Cyteir Therapeutics, Inc., a leader in the development of novel therapeutics based on the biology of DNA repair and synthetic lethality announced the publication of pre-clinical in vivo data demonstrating that therapeutic targeting of the AID/RAD51 axis in B cells may block development of type 1 diabetes (T1D) in the June issue of The Journal of Immunology.
This work was carried out in collaboration with The Jackson Laboratory (Bar Harbor, Maine), and Virginia Tech (Blacksburg, Virginia). Kevin Mills, PhD., Chief Scientific Officer of Cyteir is an author on the paper. Cyteir holds an exclusive license from The Jackson Laboratory for certain intellectual property related to synthetic lethality. The title of the paper is: Genetic and Small Molecule Disruption of the AID/RAD51 Axis Similarly Protects Nonobese Diabetic Mice from Type 1 Diabetes through Expansion of Regulatory B Lymphocytes. The Journal of Immunology, June 1, 2017, www.jimmunol.org/cgi/doi/10.4049/jimmunol.1700024.
“These preclinical data demonstrate the exciting potential of RAD51 modulators to precisely eliminate pathogenic B cells. The discovery that targeting the AID/RAD51 axis causes the appearance of disease-protective cells is tremendously important. We believe this is the first demonstration of a synthetic lethal approach to treating autoimmune disease, paving the way to new methods of treatment in a range of indications,” said Cyteir co-author, Dr. Mills.
Cyteir’s approach leverages activation induced cytidine deaminase (AID) as both a biomarker and driver of DNA damage. By modulating the DNA repair protein RAD51 in AID-positive cells, Cyteir seeks to induce selective self-destruction of cancer cells or specific B-cells in autoimmune diseases. Preclinical studies to date have demonstrated Cyteir’s early RAD51 modulators to be potent, selective for AID-positive cells, effective against cancer cells in vitro and in vivo, and well tolerated in preclinical animal models. In autoimmune diseases, AID is directly implicated in disease development and progression, thus the use of a RAD51 modulator may have utility in mitigating autoimmune diseases as exemplified in the data presented in The Journal of Immunology peer reviewed scientific article.
The preclinical data presented are from a series of experiments using non-obese diabetic (NOD) mice, a preclinical model of human type 1/juvenile diabetes. The study showed that treatment with a RAD51 modulator, which blocks the transport of RAD51 into the nucleus of AID+ cells, greatly reduced the incidence of T1D in these animals. The study also found that targeting RAD51 significantly increased CD73+ B cells in the spleen pancreatic lymph nodes and pancreatic islets in treated mice. These cells were capable of suppressing diabetogenic T cell responses thus enhancing the therapeutic effect of the RAD51 targeted compound. These results were achieved with intermittent and long term dosing which appeared well tolerated by the animals.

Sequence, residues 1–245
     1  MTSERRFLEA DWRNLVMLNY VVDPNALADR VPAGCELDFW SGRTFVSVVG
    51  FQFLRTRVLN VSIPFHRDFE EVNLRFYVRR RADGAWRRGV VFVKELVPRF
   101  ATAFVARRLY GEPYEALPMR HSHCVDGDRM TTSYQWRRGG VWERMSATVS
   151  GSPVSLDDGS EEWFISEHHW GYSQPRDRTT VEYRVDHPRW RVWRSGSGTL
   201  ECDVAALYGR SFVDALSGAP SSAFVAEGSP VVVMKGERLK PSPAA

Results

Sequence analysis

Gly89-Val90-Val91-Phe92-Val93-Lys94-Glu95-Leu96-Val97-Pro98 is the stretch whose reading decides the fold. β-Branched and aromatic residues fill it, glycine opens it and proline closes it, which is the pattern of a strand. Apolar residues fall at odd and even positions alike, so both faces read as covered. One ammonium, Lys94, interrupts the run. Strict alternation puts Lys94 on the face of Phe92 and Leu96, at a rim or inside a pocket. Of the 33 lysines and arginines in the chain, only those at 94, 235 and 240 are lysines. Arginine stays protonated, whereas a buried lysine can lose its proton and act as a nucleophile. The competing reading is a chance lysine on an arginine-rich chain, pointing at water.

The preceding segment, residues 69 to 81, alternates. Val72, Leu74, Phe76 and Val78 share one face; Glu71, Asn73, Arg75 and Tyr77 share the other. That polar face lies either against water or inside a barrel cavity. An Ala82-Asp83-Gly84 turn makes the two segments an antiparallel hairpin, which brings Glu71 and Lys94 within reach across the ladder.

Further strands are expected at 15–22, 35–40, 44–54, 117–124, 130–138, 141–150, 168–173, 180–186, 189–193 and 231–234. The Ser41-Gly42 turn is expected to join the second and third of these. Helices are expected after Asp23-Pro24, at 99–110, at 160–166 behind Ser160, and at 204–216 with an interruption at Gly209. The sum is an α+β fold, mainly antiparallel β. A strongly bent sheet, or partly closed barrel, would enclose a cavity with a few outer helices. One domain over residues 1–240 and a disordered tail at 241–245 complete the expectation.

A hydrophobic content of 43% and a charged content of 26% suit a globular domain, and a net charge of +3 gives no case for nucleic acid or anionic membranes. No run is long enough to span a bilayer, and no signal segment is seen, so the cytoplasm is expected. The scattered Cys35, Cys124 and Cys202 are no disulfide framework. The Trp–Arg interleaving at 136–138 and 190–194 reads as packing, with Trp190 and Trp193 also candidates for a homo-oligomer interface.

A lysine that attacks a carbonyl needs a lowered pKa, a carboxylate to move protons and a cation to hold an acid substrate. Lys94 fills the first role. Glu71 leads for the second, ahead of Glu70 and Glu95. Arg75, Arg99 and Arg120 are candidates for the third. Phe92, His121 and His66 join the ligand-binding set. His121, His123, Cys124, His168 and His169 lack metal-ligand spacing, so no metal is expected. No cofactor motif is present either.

“Cyteir has been optimizing its lead RAD51 compounds in order to identify a clinical candidate for cancers and has a wealth of efficacy, safety and mechanistic data around its lead compounds. The data presented in this scientific publication further demonstrates the wider potential for our compounds in autoimmune diseases like T1D, lupus, multiple sclerosis, GI inflammatory disorders, psoriasis, GVHD, and orphan drug indications like inflammatory demyelinating neuropathies and inflammatory myopathies where AID is a driver of B-cell pathogenesis,” said Donald F. Corcoran, President and Chief Executive Officer of Cyteir. “We are strategically evaluating how we take advantage and develop these multiple indications for potential use of our compounds.”
It is estimated by the American Diabetes Association that there are 1.25 million children and adults in the US who have type 1 diabetes and have an unmet medical need for new therapies. Overall the incidence of autoimmune disease is rapidly rising in the United States. The National Institutes of Health now estimates that more than 23 million Americans suffer from autoimmune disorders.
Cyteir Therapeutics is a leader in the discovery and development of novel therapeutics based on the biology of DNA repair and synthetic lethality for the treatment of cancer and autoimmune diseases. Our initial approach takes advantage of the gain in function from DNA damage overload to induce selective self-destruction of cells by targeting disease-induce RAD51 transport. Our lead molecules were initially discovered using our drug discovery platform using primary cells which contain tunable genetic constraints. www.cyteir.com
Donald F. Corcoran
President and CEO
Cyteir Therapeutics, Inc.
MacDougall Biomedical Communications
Kara Mazey, 781-235-3060